Via the New York Times style section, Jack Layton officially takes his place in Twitter history.
Hashtags, words or phrases preceded by the # symbol, have been popularized on Twitter as a way for users to organize and search messages. So, for instance, people tweeting about Representative Anthony D. Weiner might add the hashtag #Weinergate to their messages, and those curious about the latest developments in the scandal could simply search for #Weinergate. Or Justin Bieber fans might use #Bieber to find fellow Beliebers. But already, hashtags have transcended the 140-characters-or-less microblogging platform, and have become a new cultural shorthand, finding their way into chat windows, e-mail and face-to-face conversations.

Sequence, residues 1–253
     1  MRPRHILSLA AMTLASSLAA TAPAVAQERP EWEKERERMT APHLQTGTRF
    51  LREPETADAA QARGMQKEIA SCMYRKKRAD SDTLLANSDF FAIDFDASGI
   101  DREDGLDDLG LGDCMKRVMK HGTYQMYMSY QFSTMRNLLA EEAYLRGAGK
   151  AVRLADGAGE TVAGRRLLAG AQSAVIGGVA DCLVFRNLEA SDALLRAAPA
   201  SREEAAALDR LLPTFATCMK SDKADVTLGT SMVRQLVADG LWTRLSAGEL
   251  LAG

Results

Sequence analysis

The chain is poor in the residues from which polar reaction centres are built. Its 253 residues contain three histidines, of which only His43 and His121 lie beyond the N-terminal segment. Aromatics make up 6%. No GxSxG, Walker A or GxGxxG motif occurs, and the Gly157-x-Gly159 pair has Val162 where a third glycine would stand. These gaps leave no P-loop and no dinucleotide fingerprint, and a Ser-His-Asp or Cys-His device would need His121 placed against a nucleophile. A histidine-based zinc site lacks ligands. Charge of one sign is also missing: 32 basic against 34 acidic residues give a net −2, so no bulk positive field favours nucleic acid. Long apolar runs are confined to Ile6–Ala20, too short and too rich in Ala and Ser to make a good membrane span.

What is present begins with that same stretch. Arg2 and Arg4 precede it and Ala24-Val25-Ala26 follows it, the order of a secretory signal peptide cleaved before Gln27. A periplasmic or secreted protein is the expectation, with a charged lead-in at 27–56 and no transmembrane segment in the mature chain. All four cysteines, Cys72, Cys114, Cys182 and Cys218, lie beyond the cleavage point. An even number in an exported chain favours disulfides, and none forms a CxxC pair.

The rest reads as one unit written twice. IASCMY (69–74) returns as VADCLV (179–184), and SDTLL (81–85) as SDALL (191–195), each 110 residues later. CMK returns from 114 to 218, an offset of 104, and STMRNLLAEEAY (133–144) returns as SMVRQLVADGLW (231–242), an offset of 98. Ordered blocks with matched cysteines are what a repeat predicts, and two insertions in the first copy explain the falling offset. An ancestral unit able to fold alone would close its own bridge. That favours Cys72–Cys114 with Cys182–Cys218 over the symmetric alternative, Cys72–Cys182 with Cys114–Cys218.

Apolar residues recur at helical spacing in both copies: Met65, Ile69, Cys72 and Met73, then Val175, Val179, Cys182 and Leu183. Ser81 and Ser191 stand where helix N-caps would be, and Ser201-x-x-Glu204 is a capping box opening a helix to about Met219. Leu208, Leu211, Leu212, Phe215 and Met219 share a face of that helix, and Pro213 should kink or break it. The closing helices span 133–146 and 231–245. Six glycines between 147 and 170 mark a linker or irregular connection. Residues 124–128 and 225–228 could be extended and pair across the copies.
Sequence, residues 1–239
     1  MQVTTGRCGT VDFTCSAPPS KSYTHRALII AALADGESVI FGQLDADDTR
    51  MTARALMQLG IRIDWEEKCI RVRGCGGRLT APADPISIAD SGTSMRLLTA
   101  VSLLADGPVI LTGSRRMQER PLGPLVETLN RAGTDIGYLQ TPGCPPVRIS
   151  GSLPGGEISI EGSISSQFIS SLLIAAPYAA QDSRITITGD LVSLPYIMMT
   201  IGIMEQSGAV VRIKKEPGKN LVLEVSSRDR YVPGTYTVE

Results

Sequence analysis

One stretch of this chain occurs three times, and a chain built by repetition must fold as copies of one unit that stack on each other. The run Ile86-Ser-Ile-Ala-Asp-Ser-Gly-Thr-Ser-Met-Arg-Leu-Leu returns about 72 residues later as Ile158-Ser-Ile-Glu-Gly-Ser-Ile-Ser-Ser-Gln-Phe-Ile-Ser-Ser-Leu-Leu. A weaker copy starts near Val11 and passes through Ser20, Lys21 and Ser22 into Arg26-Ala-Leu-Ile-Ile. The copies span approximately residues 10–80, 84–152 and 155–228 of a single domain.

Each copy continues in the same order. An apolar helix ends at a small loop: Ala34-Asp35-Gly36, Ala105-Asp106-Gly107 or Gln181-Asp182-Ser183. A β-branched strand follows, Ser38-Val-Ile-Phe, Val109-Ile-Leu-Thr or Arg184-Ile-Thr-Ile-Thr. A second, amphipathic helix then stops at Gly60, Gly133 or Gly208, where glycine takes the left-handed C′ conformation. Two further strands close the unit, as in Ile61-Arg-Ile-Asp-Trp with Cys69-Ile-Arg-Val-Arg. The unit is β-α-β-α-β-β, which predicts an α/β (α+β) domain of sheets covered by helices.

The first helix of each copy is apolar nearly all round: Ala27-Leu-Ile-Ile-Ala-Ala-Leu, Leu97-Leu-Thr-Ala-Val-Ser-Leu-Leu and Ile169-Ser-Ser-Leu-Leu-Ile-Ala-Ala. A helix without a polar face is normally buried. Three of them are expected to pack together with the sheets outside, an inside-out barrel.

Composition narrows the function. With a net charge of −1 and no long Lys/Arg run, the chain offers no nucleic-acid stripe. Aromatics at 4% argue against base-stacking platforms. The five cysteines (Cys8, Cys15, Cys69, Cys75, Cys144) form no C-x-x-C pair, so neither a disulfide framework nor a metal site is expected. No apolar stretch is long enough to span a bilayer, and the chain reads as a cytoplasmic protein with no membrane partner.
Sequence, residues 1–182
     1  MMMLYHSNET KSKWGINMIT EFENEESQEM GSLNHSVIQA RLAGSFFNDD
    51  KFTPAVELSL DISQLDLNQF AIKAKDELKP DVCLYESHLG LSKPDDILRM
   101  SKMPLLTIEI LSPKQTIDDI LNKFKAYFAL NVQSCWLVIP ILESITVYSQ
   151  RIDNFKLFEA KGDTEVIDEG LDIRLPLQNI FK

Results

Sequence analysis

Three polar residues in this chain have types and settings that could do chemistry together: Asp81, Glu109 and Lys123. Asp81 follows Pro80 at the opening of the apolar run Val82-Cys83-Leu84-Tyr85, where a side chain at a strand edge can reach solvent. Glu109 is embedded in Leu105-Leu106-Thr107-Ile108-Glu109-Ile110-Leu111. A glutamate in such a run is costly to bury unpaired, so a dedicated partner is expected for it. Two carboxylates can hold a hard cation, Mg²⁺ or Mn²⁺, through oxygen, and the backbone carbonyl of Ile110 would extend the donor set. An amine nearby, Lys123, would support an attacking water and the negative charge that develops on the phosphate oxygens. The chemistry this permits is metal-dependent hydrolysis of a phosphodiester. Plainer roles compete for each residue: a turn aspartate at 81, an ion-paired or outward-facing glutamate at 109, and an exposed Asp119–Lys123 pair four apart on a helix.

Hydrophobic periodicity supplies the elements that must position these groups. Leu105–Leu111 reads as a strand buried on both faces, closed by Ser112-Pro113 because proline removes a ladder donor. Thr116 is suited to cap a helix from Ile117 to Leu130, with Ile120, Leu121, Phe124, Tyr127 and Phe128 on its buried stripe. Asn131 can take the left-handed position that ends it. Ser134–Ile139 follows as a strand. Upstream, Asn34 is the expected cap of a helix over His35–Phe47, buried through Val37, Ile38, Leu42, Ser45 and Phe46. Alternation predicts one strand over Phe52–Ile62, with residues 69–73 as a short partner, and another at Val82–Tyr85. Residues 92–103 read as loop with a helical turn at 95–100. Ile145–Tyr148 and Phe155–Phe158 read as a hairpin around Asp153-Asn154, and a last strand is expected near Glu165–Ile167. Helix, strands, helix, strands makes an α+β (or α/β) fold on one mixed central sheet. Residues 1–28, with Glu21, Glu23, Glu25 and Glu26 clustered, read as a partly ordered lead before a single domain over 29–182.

This year on Super Bowl Sunday, Audi broadcast a new commercial featuring a hashtag, #ProgressIs, that flashed on the screen and urged viewers to complete the “Progress Is” prompt on Twitter for the chance to win a prize. Then, in Canada’s English-language federal election debate in April, Jack Layton, the leader of the New Democratic Party, set the Canadian Twitterverse aflame when he attacked Prime Minister Stephen Harper’s crime policies, calling them “a hashtag fail.”